James Beck

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James Beck
James Beck-1973.png
Beck as Private Walker in the Dad's Army episode "The Honourable Man" in 1973, just over a week before his collapse
Born
Stanley James Carroll Beck

(1929-02-21)21 February 1929
Died6 August 1973(1973-08-06) (aged 44)
Roehampton, Wandsworth, London, England [2]
OccupationActor
Years active1961–1973
Spouse(s)Kathleen 'Kay' W Bullus (1959–1973) (his death)

Stanley James Carroll Beck (21 February 1929 – 6 August 1973) was an English actor who played the role of Private Walker, a cockney spiv, in the BBC sitcom Dad's Army.

Early life[edit]

Stanley James Carroll Beck was born in Islington, North London and attended Popham Road Primary School. His childhood was hard, with his father frequently unemployed and his mother making artificial flowers to provide a small income.

After attending art college and doing his national service as a physical training instructor in the British Army, Beck became an actor. His early roles included Charlie Bell in an episode of Dr. Finlay's Casebook ("Conduct Unbecoming", 1962), and Shylock in The Merchant of Venice in 1963, for which he gained positive reviews. Moving to London, he concentrated on television, and was cast as a policeman in a 1967 episode of Coronation Street involving a now well-known storyline concerning a train crash. He also appeared, uncredited, as a policeman in Gideon's Way (1965), and was often seen in TV drama, with one-off roles in series such as The Troubleshooters (1965, 1967, 1970) and the BBC's Sherlock Holmes with Peter Cushing in the lead ("The Blue Carbuncle", 1968).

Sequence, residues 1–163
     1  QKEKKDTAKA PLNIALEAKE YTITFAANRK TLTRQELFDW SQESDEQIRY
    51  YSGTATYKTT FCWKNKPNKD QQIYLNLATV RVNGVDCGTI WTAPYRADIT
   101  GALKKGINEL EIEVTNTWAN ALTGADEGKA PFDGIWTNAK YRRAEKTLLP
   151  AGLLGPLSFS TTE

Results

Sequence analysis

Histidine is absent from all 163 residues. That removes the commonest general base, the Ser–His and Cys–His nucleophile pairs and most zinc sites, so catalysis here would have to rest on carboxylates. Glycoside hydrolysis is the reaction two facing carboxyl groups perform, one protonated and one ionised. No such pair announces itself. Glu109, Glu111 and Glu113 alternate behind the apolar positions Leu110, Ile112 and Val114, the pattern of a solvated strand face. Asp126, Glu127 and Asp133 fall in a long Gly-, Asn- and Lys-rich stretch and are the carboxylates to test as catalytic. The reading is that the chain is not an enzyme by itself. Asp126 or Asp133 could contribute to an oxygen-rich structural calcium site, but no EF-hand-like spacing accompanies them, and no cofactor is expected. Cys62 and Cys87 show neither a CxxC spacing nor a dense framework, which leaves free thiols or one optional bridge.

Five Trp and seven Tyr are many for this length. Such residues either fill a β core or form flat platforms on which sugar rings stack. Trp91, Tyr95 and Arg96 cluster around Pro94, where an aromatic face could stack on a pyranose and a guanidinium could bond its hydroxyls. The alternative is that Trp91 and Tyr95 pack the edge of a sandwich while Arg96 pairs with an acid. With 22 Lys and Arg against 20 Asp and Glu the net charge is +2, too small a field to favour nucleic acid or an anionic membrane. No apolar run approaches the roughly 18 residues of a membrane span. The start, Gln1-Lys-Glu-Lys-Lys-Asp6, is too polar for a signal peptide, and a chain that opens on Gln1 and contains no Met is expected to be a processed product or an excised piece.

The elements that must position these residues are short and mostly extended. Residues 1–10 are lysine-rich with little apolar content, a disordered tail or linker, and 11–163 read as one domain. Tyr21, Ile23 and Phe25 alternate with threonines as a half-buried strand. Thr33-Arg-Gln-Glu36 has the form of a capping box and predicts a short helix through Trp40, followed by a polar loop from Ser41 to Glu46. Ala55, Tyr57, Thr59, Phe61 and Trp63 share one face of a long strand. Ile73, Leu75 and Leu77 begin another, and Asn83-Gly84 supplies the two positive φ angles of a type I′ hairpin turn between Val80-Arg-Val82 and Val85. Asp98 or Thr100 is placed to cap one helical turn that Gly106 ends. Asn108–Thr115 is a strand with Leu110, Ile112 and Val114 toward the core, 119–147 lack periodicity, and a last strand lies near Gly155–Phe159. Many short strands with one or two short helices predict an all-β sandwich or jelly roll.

In 1968, he was offered the role of Private Walker in Dad's Army, originally written by Jimmy Perry for himself. Perry approved of the casting of Beck: "He had the right mix of cheekiness and charm. He gave the role a bit of oomph."[3] While popular in the role, Beck yearned for the challenge of other roles.

Always in demand, he continued to work on TV programmes including A Family at War (1970) and Romany Jones (1972–73), in which he played the lead character of Bert Jones. He also recorded a pilot for an uncommissioned series called Bunclarke With an E (1973),[3] which was to be based on scripts originally written for Hancock's Half Hour and in which Arthur Lowe was also to appear.

Death[edit]

By 1973, Beck had already recorded five series of Dad's Army and was working on the sixth, besides working on the radio series of the show. Location filming for series six was completed when Beck suddenly fell ill whilst opening a school fête[3] in aid of Guide Dogs for the Blind. He returned home and within an hour was taken to Queen Mary's Hospital, Roehampton[4] suffering from pancreatitis. He died there three weeks later, aged 44, and was cremated at Putney Vale Cemetery, where a tree was planted in his memory, with a marker bearing his name.

His death was a great shock to his fellow cast members, as well as to Jimmy Perry and David Croft. Perry has said heavy drinking was common in show business at the time, and that he paid little attention to Beck's habit until "I saw Jimmy’s legs and they were purple. It was the last episode he appeared in before he died."[3]